This report reviewed strategies that could be adopted in response to the low birth rates and an increasingly aging society, and which could be adjusted by policy type. It also explores plans to rebuild delivery systems based on the main contents of the National Assembly Futures Institute's reports, “Comparison and analysis of demographic structure and social expansion in OECD countries” and “Evaluation of response policies for low birth rates and an aging society.” The implications associated with adopting strategies that can be adapted to low birth rates and an aging society by policy type are as follows.
First, the income security policy needs to identify ways to reform the current child allowance and basic pension system to reflect changes in the demographic structure. It is necessary to discuss areas where the level of support is insufficient when compared to advanced countries, and it is important to highlight the need to expand these supports, as they provide insufficient income security. It is also essential to resolve the burden of local expenses and review the effectiveness of the variable subsidy system.
Second, in the area of health care policies, various strategies were discussed by dividing young people and the elderly into different target groups. Health care policies for young people were examined and found to focus on mental health support policies. Youth mental health policies were mostly aimed toward mental illness prevention and early diagnosis, so multidimensional approaches to solving problems are insufficient. With respect to mental illness prevention, concerns about fundamental problems should precede early diagnosis. Access to the interlayered crisis structure faced by young people has not yet been sufficiently achieved, and active linkages with economic, labor, and housing policies are expected after fully considering the socioeconomic situation of young people.
Health care policies for the elderly that focused on aging in place (AIP) were examined. AIP has been proposed as a new long-term care model with the development of the concept of deinstitutionalization and communitybased care. It has emerged as a key concept in the policies on aging in various countries. Long-term care insurance for the elderly in Korea also proposes AIP in policy and aims to establish home care benefits as a priority. To ensure continuous AIP, it is necessary to design a system that considers the situations faced by the elderly together with financial sustainability.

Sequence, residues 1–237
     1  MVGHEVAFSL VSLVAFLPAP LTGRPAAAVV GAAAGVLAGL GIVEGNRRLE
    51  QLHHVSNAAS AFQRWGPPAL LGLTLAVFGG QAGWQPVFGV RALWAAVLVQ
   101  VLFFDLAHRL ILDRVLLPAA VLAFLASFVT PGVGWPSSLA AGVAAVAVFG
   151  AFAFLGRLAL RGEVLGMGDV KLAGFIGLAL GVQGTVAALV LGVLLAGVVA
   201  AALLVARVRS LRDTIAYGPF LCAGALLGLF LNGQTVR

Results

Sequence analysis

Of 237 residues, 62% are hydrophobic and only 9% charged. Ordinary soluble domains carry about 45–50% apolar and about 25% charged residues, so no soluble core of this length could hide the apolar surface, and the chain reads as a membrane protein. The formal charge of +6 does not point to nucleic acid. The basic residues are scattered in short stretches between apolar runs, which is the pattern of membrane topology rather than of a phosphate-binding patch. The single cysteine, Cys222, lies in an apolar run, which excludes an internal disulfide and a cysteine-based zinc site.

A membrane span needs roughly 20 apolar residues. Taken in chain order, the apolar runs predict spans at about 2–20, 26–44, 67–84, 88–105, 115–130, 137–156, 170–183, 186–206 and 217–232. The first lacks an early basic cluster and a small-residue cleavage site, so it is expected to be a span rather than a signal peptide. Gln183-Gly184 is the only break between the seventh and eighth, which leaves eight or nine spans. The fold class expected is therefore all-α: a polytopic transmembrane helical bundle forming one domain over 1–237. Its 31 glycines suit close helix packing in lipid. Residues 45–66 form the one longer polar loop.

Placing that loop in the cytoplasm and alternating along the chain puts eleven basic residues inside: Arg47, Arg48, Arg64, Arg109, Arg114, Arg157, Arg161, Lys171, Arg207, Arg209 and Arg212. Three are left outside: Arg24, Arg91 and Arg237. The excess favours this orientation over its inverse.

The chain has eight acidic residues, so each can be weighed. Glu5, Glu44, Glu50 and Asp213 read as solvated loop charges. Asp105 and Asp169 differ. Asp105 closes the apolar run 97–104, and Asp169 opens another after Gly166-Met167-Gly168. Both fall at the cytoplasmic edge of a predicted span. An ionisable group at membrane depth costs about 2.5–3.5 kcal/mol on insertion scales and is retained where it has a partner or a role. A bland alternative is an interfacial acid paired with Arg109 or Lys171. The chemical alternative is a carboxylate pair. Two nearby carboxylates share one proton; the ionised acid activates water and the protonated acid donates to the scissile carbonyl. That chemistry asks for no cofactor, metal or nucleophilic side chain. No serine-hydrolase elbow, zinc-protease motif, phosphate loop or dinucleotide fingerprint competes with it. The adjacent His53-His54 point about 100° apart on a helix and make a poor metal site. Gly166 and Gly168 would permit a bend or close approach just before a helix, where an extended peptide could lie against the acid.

Third, discussions on the educational care policy pertained to its efficient future implementation. Although the number of policy targets continues to decline, it is necessary to derive policy improvement tasks for the efficient and effective operation of childcare systems, particularly given that the number of previously established care service providers or personnel such as childcare teachers, kindergarten teachers, and after-school care providers has not changed. Regarding the financial resources of the childcare system, it is necessary to adjust the amount of financial resources available in situations where low birth rates continue, as current financial grants for local education secure financial resources regardless of changes in the demographic structure.
Fourth, the job policy discussions focused on job policy strategies for middle and old-aged people. The government's desire to create jobs requires continuous management to prevent jobs from being concentrated in the public or social service sectors, rather than in the private sector, to prevent the mass production of low-wage, short-term jobs. The increase in local governments participating in senior job programs, as well as the increase in the number of applicants, are encouraging. However, to accommodate as many applicants as possible under budget constraints, it is more likely that public or social service jobs centered on low-wage short-term contracts will be developed.
Fifth, the housing policy focused on supporting young people and newlyweds. In order to promote a reasonable policy that supports these groups, it was necessary to establish a target group. Rather than focusing on the specific age group of young people and newlyweds, it is necessary to comprehensively grasp the overall population and household structure, as well as the economic and housing situations of various households when readjusting or redistributing priorities. In the mid-to-long term, it is essential that measures be developed to support those in various types of marriage arrangements (e.g., a de facto marriage or other types of marriage).
Last but not least, this report reviewed the plan to rebuild the delivery system for strategies that adapt to low birth rates and an aging society. The government needs to improve the overall delivery system if it plans to implement a care-based safety net to meet the various social service demands that are not typically met by cash benefits. When reorganizing the social security system with a care-based safety net, the question of how to establish this delivery system is almost similar to the question of how to reorganize the existing social service delivery system, which is a state-funded program. Alternatives to the current service provision model, including social insurance and welfare assistance programs, include linking social service delivery systems with specific ministries to establish a care-based safety net that is centered on local communities.